• Ceara

Our Tattoo Family - Part 2

3 Things we learned from each other along the way...

Last week I knew exactly what I wanted to say here this week... a week changes a lot! I had intended to write more to introduce our crew (immediate tattoo family, blah, blah, blah), but came to the conclusion that it wouldn't do much to explain what makes us a family (of sorts) or why I think of us as a kind of family.

A quick Google of "family meaning" threw up this definition:

"family /ˈfamɪli,ˈfam(ə)li/

noun noun: family; plural noun: families


a group consisting of two parents and their children living together as a unit. "she moved in with her boyfriend's family"synonyms:household, ménage; More a group of people related by blood or marriage. "friends and family can provide support"synonyms:relatives, relations, blood relations, family members, kin, next of kin, kinsfolk, kinsmen, kinswomen, kindred, one's (own) flesh and blood, connections; More the children of a person or couple being discussed. "she has the sole responsibility for a large family"synonyms:children, little ones, youngsters; More INFORMAL a local organizational unit of the Mafia or other large criminal group.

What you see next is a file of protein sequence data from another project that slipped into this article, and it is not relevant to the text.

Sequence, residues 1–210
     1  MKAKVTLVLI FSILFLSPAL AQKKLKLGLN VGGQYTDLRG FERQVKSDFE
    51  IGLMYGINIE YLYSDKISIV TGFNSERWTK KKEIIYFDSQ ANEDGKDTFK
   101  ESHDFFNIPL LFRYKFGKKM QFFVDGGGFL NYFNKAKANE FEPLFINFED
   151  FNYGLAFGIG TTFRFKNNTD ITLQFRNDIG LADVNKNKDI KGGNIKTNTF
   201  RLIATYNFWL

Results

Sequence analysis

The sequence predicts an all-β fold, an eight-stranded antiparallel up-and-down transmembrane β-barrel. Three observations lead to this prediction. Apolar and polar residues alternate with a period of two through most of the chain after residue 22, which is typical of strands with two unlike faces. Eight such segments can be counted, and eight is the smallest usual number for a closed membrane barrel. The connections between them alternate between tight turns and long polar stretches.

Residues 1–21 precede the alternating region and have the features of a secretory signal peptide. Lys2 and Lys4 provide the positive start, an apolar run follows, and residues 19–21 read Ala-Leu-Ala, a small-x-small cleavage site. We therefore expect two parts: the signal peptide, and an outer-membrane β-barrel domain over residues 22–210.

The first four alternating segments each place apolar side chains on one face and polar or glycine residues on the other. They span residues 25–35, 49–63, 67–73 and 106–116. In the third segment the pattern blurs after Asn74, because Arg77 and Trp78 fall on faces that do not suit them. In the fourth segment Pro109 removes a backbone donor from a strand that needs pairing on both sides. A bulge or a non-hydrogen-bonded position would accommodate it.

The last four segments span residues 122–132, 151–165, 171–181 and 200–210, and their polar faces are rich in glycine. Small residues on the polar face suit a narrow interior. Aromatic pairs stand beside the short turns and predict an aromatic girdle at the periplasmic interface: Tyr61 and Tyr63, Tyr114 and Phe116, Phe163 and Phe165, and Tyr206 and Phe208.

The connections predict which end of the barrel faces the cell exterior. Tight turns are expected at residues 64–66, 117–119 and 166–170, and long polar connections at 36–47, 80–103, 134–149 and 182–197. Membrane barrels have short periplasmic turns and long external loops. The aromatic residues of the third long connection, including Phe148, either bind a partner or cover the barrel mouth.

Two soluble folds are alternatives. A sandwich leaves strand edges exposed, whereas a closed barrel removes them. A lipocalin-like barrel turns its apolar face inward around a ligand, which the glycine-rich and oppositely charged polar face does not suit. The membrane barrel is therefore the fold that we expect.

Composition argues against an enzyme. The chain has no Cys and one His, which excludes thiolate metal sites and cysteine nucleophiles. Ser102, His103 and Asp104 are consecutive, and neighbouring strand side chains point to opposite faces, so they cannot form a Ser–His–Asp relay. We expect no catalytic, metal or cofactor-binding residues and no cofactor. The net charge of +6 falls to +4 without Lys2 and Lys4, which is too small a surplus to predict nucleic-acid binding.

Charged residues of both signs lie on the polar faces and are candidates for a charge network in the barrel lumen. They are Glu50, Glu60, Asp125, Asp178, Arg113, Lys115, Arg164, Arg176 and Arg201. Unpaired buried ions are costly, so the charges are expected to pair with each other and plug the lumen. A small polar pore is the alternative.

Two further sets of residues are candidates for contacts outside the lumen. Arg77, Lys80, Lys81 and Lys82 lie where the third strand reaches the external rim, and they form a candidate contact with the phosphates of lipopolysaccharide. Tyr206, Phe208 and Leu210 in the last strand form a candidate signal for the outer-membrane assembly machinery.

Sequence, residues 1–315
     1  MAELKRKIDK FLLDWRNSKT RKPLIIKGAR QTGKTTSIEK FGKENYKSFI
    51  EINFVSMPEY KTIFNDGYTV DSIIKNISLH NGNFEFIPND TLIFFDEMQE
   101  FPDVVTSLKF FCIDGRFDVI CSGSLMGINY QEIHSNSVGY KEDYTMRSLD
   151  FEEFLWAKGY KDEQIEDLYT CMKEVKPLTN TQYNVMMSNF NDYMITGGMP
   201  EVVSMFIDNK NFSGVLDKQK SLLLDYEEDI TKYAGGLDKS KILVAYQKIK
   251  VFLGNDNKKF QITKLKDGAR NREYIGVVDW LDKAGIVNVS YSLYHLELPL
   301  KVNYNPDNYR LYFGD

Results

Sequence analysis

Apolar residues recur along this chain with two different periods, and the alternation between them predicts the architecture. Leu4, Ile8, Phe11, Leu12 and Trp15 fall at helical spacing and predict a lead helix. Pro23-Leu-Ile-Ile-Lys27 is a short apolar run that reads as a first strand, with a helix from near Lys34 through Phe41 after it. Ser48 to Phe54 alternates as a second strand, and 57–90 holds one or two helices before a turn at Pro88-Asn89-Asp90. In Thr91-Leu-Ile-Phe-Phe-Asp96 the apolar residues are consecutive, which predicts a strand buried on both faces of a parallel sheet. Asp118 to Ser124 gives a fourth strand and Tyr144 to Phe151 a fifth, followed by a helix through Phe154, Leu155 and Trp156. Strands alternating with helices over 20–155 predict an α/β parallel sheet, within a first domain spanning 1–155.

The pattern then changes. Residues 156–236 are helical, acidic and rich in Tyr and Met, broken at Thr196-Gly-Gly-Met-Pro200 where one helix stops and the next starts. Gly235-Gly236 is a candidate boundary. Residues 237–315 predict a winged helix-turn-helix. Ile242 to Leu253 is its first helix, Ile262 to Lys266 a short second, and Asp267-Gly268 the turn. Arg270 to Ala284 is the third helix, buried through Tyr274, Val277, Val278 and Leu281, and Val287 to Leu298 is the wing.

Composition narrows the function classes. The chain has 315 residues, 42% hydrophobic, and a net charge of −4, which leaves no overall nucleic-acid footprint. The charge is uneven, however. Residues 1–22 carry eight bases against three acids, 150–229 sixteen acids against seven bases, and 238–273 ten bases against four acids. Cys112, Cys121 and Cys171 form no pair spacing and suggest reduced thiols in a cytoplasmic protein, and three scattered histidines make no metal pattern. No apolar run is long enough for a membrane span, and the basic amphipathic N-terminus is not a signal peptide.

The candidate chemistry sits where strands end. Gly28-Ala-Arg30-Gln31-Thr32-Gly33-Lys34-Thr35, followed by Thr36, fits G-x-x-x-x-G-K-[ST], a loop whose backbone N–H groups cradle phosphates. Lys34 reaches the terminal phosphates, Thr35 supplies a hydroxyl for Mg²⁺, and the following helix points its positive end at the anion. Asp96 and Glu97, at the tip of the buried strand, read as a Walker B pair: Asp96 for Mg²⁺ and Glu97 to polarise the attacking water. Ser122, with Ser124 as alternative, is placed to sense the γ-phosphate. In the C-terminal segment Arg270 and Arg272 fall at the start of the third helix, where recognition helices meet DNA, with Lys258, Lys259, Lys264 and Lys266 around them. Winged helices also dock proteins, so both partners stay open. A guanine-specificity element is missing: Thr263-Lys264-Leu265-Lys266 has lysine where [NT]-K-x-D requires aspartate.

all the descendants of a common ancestor. "the house has been owned by the same family for 300 years"synonyms:ancestry, parentage, birth, pedigree, genealogy, background, family tree, descent, lineage, line, line of descent, bloodline, blood, extraction, derivation, race, strain, stock, breed; More a group of peoples from a common stock.

3. a group of related things. "all manuscripts that share this reading constitute a family" BIOLOGY a principal taxonomic category that ranks above genus and below order, usually ending in -idae (in zoology) or -aceae (in botany). "the cabbage family"synonyms:taxonomic group, group, order, class, subclass, genus, species"